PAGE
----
So, today is the 7th anniversary of my aneurysm. Or, as I like to call it, my aneurversary. About three am on the 29th of December, 2009, I had a headache come on so suddenly I thought I had been hit in the back of the head with a baseball bat.
Then, the pain was so bad I couldn't think at all.
Most of the next three weeks are gone, forever. But I do remember one thing very clearly. I haven't spoken of it much here, and most people will think I'm crazy, but it's absolutely true.
I rmember going to Akron City Hospital, and being told that I had an intracranial bleed. I remember going under the railroad bridges on I-77 going into Cleveland.
The next thing I remember is being in a place of light and peace.
My dad was there, as was my Uncle Dick, which might not have been so unusual had they both not died over the previous 18 months.
It was very bright there, much white light, but also very green. The area I was in was like a park, except it felt vast, as though it went on for many, many miles. While my uncle sat silently smiling on a banch, my dad rode up on a bicycle.
I don't remember the exact words of the conversation, but I remember the important points that were made, and they stuck in my heart, to be remembered more fully at the appropriate times, when they have be most impact.
I knew then that there was an "afterlife." I knew that the human soul continues after the cessation of function of the physical body. I put afterlife in quotes, because I believe, now, that life never actually ends, merely this physical phase.
I knew that I would have to find a church to join, one that would understand what I had seen, what had been through, and not think I was completely nuts. And I knew I would reognize it when I found it.
The most important thing, the linchpin, of the experience was the knowledge that I had been to the other side. But I hadn't been to Heaven. Nor had I been to Hell. The Catholic concept of Purgatory didn't fit, nor did their Limbo.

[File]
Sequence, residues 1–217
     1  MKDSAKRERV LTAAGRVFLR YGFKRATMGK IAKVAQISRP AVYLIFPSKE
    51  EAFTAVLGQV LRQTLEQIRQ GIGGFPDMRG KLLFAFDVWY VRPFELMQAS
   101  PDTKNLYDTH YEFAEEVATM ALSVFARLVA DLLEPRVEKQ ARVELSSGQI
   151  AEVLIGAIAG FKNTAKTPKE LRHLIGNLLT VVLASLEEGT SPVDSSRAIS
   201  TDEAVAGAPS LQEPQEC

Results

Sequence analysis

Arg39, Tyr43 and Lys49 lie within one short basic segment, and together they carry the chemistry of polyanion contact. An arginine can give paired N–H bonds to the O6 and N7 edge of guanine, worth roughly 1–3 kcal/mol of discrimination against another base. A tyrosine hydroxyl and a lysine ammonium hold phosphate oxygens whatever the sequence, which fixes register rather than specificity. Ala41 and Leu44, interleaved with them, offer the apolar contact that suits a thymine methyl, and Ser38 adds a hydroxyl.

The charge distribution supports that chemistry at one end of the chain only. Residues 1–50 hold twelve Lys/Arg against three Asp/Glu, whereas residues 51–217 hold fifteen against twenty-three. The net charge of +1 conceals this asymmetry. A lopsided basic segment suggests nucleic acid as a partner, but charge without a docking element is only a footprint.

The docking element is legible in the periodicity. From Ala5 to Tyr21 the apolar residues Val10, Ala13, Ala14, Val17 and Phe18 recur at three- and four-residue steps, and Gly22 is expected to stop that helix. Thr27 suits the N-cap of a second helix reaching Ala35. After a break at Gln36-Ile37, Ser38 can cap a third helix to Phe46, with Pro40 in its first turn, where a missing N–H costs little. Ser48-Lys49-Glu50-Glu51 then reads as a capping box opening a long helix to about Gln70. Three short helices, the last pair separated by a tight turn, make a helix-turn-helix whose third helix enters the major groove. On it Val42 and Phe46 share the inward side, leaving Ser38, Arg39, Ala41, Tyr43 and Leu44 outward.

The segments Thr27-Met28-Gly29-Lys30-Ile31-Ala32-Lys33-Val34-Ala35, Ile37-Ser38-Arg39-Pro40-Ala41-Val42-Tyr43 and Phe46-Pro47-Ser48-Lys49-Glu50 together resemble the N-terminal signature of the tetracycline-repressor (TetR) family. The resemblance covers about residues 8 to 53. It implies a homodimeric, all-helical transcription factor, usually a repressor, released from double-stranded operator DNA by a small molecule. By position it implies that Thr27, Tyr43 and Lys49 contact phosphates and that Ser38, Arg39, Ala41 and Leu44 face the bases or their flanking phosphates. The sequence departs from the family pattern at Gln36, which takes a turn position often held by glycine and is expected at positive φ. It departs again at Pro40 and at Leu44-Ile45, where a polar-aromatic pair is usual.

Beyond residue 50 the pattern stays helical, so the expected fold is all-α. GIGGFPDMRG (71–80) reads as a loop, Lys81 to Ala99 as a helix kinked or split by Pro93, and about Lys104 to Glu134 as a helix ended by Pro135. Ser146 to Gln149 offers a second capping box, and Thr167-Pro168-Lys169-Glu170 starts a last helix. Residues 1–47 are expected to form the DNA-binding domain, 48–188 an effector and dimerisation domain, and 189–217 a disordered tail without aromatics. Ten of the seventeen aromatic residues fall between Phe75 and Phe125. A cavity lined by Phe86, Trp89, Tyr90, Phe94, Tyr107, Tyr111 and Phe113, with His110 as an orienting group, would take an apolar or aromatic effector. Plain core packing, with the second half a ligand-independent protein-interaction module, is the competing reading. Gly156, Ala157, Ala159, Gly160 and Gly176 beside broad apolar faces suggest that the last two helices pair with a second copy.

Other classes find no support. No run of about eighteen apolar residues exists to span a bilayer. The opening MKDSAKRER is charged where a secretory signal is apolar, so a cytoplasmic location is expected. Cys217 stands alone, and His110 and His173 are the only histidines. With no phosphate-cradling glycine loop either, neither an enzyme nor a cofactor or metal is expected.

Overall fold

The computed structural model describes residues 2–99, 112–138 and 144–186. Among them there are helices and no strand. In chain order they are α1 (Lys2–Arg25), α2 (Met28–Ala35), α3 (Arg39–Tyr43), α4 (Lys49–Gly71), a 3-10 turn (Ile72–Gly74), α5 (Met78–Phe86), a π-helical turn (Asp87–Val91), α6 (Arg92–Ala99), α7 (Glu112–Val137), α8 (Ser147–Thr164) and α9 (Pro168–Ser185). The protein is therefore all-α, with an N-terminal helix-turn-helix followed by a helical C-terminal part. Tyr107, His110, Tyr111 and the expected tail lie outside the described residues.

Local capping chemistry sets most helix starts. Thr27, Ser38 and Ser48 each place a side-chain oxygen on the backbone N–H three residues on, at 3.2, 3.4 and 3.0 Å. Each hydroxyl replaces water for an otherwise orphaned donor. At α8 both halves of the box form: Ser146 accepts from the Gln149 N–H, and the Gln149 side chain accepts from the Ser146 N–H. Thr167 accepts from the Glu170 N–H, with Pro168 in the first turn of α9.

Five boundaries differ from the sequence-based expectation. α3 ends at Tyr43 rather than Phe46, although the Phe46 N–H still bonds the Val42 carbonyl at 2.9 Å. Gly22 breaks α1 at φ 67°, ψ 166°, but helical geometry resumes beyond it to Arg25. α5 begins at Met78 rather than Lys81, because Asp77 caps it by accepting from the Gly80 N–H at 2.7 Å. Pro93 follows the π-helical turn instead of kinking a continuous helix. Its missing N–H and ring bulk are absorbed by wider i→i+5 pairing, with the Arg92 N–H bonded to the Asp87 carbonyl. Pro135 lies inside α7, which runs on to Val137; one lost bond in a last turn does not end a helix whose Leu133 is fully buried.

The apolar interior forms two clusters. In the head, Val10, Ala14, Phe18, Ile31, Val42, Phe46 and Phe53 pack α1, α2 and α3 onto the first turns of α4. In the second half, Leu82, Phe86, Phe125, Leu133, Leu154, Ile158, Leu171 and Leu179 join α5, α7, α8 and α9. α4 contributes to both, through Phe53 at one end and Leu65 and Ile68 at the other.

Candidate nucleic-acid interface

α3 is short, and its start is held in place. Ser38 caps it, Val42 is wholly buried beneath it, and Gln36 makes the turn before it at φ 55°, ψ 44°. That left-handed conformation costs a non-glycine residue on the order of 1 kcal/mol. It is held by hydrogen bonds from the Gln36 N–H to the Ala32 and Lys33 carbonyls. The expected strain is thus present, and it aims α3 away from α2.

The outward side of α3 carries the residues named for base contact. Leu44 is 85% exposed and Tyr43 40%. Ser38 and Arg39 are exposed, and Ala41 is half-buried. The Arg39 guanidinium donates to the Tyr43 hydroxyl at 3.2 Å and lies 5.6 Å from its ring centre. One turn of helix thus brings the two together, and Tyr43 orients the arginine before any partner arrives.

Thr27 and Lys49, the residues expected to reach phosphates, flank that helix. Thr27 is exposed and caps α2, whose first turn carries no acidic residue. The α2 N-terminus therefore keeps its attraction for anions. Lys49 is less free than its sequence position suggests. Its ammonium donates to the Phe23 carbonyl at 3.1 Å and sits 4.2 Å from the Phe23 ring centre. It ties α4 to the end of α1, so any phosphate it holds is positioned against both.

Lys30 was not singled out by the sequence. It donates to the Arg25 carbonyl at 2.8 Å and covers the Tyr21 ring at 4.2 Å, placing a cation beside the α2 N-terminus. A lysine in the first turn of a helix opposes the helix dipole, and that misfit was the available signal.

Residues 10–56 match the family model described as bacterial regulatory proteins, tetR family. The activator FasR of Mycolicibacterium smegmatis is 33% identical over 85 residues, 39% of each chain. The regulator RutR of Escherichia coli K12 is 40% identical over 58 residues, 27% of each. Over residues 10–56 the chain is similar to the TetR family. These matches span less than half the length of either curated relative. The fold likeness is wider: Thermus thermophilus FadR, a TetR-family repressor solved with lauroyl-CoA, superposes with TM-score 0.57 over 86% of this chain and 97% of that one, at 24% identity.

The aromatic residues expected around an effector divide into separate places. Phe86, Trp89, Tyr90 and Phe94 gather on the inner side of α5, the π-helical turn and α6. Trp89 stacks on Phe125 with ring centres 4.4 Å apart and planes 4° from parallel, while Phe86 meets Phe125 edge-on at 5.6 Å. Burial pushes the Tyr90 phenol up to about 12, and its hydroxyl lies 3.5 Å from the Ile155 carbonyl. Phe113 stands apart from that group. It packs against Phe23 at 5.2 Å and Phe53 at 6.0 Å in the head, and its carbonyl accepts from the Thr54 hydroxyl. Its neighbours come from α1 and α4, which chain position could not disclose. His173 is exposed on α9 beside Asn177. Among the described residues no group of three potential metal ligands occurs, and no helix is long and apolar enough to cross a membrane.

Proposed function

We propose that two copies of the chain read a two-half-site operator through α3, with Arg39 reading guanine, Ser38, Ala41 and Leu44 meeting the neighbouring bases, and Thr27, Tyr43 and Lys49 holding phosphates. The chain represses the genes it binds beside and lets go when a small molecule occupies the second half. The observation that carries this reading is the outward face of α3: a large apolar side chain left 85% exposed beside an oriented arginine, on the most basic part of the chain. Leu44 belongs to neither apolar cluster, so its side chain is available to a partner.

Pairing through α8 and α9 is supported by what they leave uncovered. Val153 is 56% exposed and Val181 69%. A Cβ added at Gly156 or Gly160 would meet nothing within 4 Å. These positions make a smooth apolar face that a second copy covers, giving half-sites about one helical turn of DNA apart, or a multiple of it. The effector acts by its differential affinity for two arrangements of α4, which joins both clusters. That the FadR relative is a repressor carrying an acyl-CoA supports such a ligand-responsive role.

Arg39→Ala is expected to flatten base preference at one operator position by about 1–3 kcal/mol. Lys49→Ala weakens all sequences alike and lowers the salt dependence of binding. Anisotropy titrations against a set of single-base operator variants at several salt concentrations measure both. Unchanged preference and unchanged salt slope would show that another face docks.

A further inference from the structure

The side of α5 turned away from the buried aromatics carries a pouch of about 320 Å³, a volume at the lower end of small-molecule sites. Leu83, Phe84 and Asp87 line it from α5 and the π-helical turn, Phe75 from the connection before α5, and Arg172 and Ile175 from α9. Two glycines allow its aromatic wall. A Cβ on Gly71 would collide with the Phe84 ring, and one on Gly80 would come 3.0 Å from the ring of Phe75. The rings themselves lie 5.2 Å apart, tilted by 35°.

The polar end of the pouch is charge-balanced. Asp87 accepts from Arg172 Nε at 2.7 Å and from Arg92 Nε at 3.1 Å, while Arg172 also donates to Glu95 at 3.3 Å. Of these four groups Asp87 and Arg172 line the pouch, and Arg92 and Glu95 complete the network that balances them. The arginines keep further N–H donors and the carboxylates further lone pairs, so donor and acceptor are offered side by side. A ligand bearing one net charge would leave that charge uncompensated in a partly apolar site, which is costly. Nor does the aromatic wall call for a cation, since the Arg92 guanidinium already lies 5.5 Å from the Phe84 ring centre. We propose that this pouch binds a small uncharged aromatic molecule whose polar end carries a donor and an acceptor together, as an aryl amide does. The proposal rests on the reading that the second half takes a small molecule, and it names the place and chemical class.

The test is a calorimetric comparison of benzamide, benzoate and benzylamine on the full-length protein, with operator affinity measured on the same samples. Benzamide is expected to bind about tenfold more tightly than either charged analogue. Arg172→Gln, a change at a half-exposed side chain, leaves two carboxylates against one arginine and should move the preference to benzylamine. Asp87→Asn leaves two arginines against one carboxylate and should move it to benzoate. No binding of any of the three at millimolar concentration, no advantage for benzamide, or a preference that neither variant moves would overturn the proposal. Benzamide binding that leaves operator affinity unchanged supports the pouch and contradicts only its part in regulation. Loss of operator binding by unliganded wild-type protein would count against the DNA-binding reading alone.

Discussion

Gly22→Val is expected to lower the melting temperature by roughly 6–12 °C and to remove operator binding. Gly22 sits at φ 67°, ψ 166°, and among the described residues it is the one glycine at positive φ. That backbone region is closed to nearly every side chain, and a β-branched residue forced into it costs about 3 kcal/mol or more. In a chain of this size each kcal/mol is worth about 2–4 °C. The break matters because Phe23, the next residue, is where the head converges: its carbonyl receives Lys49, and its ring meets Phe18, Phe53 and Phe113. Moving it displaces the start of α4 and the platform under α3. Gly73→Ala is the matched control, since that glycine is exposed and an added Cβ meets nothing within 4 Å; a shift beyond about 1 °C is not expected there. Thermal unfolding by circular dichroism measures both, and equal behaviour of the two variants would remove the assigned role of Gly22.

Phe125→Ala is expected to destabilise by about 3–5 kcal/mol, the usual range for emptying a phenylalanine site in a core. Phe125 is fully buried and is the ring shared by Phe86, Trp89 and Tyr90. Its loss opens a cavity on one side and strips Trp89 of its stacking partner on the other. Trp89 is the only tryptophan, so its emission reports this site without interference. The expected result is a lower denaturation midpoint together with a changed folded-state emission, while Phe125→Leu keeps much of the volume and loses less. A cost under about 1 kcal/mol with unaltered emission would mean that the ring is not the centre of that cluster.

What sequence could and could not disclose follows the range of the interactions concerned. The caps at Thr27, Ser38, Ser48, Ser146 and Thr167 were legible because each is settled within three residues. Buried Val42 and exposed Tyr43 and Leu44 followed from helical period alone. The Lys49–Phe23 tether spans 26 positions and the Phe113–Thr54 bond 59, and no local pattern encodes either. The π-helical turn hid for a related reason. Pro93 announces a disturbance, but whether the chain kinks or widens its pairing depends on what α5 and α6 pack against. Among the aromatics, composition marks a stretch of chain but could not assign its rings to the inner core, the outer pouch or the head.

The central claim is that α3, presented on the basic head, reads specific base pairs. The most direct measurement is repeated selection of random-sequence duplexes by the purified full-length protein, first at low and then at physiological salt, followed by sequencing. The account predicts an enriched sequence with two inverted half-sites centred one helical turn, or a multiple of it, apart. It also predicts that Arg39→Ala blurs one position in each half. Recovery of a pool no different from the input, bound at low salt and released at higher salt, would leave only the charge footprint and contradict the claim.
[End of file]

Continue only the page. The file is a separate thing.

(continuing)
I was at a loss.
Then, in 2013, I read these words:
11 Now, concerning the state of the soul between death and the resurrection—Behold, it has been made known unto me by an angel, that the spirits of all men, as soon as they are departed from this mortal body, yea, the spirits of all men, whether they be good or evil, are taken home to that God who gave them life.
12 And then shall it come to pass, that the spirits of those who are righteous are received into a state of happiness, which is called paradise, a state of rest, a state of peace, where they shall rest from all their troubles and from all care, and sorrow.
I remember where I was when I read those words, as though it were yesterday. I can picture it now, in my mind, as clearly as though I were still there. I felt as though I had been struck by a bolt of lightning, sitting there in the Library at Kent State, on a clear blue day.
And I knew that these words were true. Completely.
Ot was the first experience of my lifetime that I can recognize as fully and truly spiritual. In this world, anyway.
I also knew that I had found the Church I had been looking for. I had always thought that when I did, it would be either one of those teeny tiny little churches with maybe 12 people sitting around doing Bible study, or one of those huge churches that require nothing more of you than to show up on Sunday and mouth the right words, on cue.
Sometimes life throws you a curve.
Anyway, I found my Church, and I from the moment I walked through the door, I felt as if I was returning home after a long absence.
The physical me didn't want to join, but the spiritual me never wanted to leave.
It has not been without difficulty: The conversion created much friction in relationships in my personal life, and the damage has taken years to heal. I've experienced actual hatred over my beliefs. My personal behavior has changed significantly enough that my children have noticed, which new tricks were quite significant for this old dog.. I no longer curse like a sailor, though I do slip from time to time. I have found how healing it is to forgive those who have trespassed against me, even when it has not been sought, though I still seem to be unable to do it on request.
But, since my experience, I have found that I can look back over the course of my life and see where God has blessed me and helped me along, even when I was not a good person. I have seen miracles happen, prayers answered in realtime, and have the ability to understand what has occurred. I have learned, not to hear the voice of God, which we all hear, but to recognize Him when He speaks.
I've seen a bigger part of the picture, that the universe we can see, and sense with our physical senses is a very small, though important, part of the overall Plan that God has for us, and I have begun to understand more of my place in that Plan, however unworthy of that place I may feel. And part of my role is to tell people of what happened to me, however difficult it may be, or how crazy they may think I am.
But the most important thing I've learned is that God loves us and believes in us, even when we can't find our way to believe in Him.
Just because we don't believe in something doesn't mean it doesn't exist.